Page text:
Australia tops OECD mobile broadband penetration, fibre lags

Australia tops OECD mobile broadband penetration, fibre lags

Summary: Australia has topped the list of OECD countries when it comes to mobile broadband subscriptions per capita.

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Australians' love of mobile broadband has seen it rise to the top of the list of Organisation for Economic Co-operation and Development (OECD) countries when it comes to the number of mobile broadband subscriptions per capita.

The latest statistics to come from the OECD released overnight showed that as of June 2013, there were 25.94 million mobile broadband subscriptions in Australia, with a 114 percent penetration rate. Australia beat out Finland, Sweden, Japan, Korea, Denmark, and the United States for the top spot.

The US topped the total number of subscribers, at 299.45 million, followed by Japan, at 134.3 million, Korea, at 51.45 million, and the UK, at 50.86 million.

Australia doesn't fare as well when it comes to fixed-line broadband connections per 100 residents, however, tying at 18th in the list of OECD countries with Austria, at 25.6 percent penetration rate. The growth in penetration for fixed broadband was only slightly over 1 percent for the year between June 2012 and June 2013.

Switzerland topped the list for fixed broadband penetration, at with 43.8 connections per 100 residents, followed by the Netherlands, Denmark, Korea, and France.

While the future of Australia's National Broadband Network (NBN) remains unclear, with the Coalition government considering the options put forward in the NBN Co strategic review released last year, the OECD statistics reveal that Australia is currently sitting at 25th in the rankings for the percentage of connections via fibre to the home or fibre to the building.

Just 1.97 percent of Australians connecting to fixed broadband were connecting via fibre as of June last year, but the OECD showed that Australia was recording some of the strongest growth for fibre connections in the OECD, with 121.5 percent growth between June 2012 and June 2013.

Japan topped the list for fibre penetration, with 68.45 percent accessing fixed broadband via fibre, followed by Korea, at 62.76 percent, then Sweden and Estonia.

The United States reported a 7.73 percent penetration rate for fibre, while the UK reported 7.19 percent fibre penetration.

Mexico recorded the highest growth in fibre subscriptions, at 289.7 percent for the year, but reported that just 4.73 percent of its fixed broadband subscriptions were through fibre.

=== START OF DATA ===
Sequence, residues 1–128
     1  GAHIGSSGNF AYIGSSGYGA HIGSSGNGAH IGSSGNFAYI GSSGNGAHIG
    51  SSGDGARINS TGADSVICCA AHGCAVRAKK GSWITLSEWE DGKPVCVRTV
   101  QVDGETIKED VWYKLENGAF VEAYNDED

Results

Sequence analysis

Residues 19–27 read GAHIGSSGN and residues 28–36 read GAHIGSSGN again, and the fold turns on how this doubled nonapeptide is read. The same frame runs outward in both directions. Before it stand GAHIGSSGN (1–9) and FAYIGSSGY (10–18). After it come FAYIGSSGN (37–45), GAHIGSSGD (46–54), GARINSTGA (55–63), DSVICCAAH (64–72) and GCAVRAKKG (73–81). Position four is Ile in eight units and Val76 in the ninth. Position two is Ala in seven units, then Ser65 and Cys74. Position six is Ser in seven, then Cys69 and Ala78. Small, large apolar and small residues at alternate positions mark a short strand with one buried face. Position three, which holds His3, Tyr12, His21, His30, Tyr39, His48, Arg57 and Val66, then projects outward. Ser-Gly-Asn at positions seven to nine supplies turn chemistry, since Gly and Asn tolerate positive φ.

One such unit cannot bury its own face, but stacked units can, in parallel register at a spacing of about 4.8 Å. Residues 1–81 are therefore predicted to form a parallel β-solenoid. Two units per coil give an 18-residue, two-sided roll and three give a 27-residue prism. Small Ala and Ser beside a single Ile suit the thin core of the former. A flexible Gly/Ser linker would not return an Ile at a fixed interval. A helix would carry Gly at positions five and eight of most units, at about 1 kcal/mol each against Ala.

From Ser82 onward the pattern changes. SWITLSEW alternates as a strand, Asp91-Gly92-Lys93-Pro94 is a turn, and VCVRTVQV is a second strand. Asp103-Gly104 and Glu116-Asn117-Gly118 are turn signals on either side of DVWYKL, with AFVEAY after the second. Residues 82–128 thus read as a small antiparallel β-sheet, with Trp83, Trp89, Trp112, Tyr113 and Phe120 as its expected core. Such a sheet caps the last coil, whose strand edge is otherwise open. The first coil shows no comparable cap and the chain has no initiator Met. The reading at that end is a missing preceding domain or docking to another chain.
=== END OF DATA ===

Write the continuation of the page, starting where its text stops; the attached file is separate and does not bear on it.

Topics: Telcos, Government, Government AU, Mobility, NBN, Australia

About

Armed with a degree in Computer Science and a Masters in Journalism, Josh keeps a close eye on the telecommunications industry, the National Broadband Network, and all the goings on in government IT.

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6 comments
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  • Little Choice

    It's no wonder we top the list as for many of us Wireless is the only option available & now will likely continue to be the situation as Turnbull continues to mislead us behind a veil of redacted self-serving "Reports" from his selected cronies while ignoring the tech savvy experts & obediently following Abbott's Murdoch inspired directive to "Demolish the NBN.
    grump-a1eeb
  • Asutralians forced into wireless!

    Australians are being forced into very expensive wireless broadband because Telstra's inability and unwillingness to invest in improving their technology.
    The greed of these mobile companies in brain-dead shock jocks and the Murdochracy to promote their hyper expensive and really poor quality solutions.
    Kevin Cobley
  • It's complementary usage, people...

    There are five people, with six mobile phone accounts in our house, all with data plans which come provided as part of their mobile phone contracts.

    Our home has one fixed broadband (ADSL2+) plan, but that's where the majority of downloads are conducted. At home, on laptops/tablets, over the home WiFi network.

    With mobile data costs being what they are, nobody in their right mind would use it for regular heavy downloading. Checking Facebook, looking up the address of a restaurant while out and about, mobile. Downloading off iTunes, streaming TV, gaming, etc., fixed line every time.

    Rather than being a ringing endorsement of mobile wireless broadband take-up over fixed line (as the media appear to want us to believe...agenda anyone?), in my opinion, this report simply shows that more people are ditching dumb phones, and buying smartphones with data plans.

    Mobile wireless is a complementary system to fixed-line broadband. Unless costs come down considerably, I don't believe that it will never replace it.
    Perth SteveH
  • curses, no edit feature...

    Mobile wireless is a complementary system to fixed-line broadband. Unless costs come down considerably, I don't believe that it will ever fully replace it.
    Perth SteveH
  • We now wait the avalanche of anti-NBN stories

    I'm sure the meaning of these data will be used by the anti-NBN pundits in the media as evidence for Australia not needing the NBN in either ALP or LNP forms.
    chronicinfoholic
  • Stunted Growth

    "Just 1.97 percent of Australians connecting to fixed broadband were connecting via fibre as of June last year, but the OECD showed that Australia was recording some of the strongest growth for fibre connections in the OECD, with 121.5 percent growth between June 2012 and June 2013."

    Turnbull will do his best to turn that growth around, in fact, the feedback in the Whirlpool forums is that fibre roll out has almost stalled.
    Goresh